A rifle-wielding attacker opened fire on Republican lawmakers at a congressional baseball practice Wednesday, wounding five people including House majority whip Steve Scalise of Louisiana.

The shooting occurred in Alexandria, Virginia, shortly after 7 a.m.

The assailant, prepared with "a lot of ammo," fought a gun battle with police before he, too, was shot and later died, according to the Associated Press.

Scalise dragged himself off the infield, leaving a trail of blood as colleagues rushed to his assistance.

PBS Newshour has published video taken by an eyewitness. WARNING: This video contains disturbing footage. Language in the video has been edited.

Newshour shooting video

The shooter has been identified as 66-year-old James T. Hodgkinson of Belleville, Illinois. In remarks made shortly after 11:30 a.m. ET/8:30 a.m. PT, President Donald Trump announced the shooter "has now died."

Several California Democrats were practicing for the annual Congressional Baseball Game when they learned that a gunman opened fire at the Republican team's separate practice.

The Democrats expressed horror and solidarity with GOP colleagues in social media postings after the Wednesday morning attack.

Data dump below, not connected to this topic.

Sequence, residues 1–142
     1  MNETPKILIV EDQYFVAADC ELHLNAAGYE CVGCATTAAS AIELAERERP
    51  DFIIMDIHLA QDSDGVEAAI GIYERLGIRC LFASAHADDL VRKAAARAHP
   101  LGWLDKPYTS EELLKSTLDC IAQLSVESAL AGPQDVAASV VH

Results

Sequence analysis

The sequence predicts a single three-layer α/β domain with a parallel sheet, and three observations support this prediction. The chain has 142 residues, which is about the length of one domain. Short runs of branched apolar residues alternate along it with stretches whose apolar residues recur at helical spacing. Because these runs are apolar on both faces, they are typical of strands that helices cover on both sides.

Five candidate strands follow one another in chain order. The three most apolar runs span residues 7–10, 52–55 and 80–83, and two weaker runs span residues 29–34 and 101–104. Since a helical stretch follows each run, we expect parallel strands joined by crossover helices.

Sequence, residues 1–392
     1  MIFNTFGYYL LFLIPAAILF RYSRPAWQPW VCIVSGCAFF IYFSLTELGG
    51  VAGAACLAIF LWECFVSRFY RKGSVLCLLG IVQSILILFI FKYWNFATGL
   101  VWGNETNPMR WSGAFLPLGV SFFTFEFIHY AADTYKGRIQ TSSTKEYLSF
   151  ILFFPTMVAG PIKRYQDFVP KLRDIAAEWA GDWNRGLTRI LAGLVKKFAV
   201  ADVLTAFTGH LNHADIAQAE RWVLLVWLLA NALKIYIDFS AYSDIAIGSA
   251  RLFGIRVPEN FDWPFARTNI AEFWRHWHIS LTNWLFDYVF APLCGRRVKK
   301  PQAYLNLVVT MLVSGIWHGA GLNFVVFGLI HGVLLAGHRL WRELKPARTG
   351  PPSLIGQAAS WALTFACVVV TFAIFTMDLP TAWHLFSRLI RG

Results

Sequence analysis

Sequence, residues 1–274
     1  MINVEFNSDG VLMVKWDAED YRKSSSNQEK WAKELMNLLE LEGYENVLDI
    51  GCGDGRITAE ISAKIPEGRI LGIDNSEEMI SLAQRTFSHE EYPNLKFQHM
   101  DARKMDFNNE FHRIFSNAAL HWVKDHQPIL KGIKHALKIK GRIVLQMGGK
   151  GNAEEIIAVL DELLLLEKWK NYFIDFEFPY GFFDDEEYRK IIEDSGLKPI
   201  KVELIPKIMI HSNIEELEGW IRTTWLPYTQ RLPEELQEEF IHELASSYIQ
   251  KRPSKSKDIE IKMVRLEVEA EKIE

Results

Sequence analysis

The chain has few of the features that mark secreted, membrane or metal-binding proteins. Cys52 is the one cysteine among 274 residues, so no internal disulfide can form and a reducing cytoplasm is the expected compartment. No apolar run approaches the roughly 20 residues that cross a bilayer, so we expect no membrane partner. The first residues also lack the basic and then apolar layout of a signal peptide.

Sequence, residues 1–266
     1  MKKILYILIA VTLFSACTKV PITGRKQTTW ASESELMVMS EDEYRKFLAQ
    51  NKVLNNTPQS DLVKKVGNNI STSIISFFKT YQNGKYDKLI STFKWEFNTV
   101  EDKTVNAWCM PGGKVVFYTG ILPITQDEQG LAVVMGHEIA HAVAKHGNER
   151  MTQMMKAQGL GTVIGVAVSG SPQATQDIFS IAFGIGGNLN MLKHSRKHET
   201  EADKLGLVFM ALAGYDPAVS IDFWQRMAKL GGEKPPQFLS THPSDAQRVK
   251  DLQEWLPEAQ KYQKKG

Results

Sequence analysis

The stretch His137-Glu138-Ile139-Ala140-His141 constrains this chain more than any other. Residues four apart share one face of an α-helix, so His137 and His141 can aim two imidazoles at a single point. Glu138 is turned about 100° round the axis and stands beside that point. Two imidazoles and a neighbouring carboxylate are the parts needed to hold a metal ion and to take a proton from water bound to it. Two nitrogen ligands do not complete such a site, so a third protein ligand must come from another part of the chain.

Barragán of California's 44th District, which represents South Los Angeles and the L.A. Harbor area, was playing with the team when she heard the news.

"There was a lot of sadness, but also anger, that something like this could happen," she told KPCC.

Barragan said members of her team ended the practice and said a prayer as soon as they heard the news.

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Los Angeles Mayor Eric Garcetti issued a statement on the shooting:

"My thoughts and prayers are with the civilians and officers wounded in today’s shooting in Alexandria. The senselessness of this burst of violence is only compounded by the fact that it struck as Majority Whip Steve Scalise and others were practicing for one of Washington’s great bipartisan traditions. We should all be grateful for the many acts of heroism and compassion that saved lives this morning — and mindful of how this tragedy underscores the urgency of ending the epidemic of gun violence in America."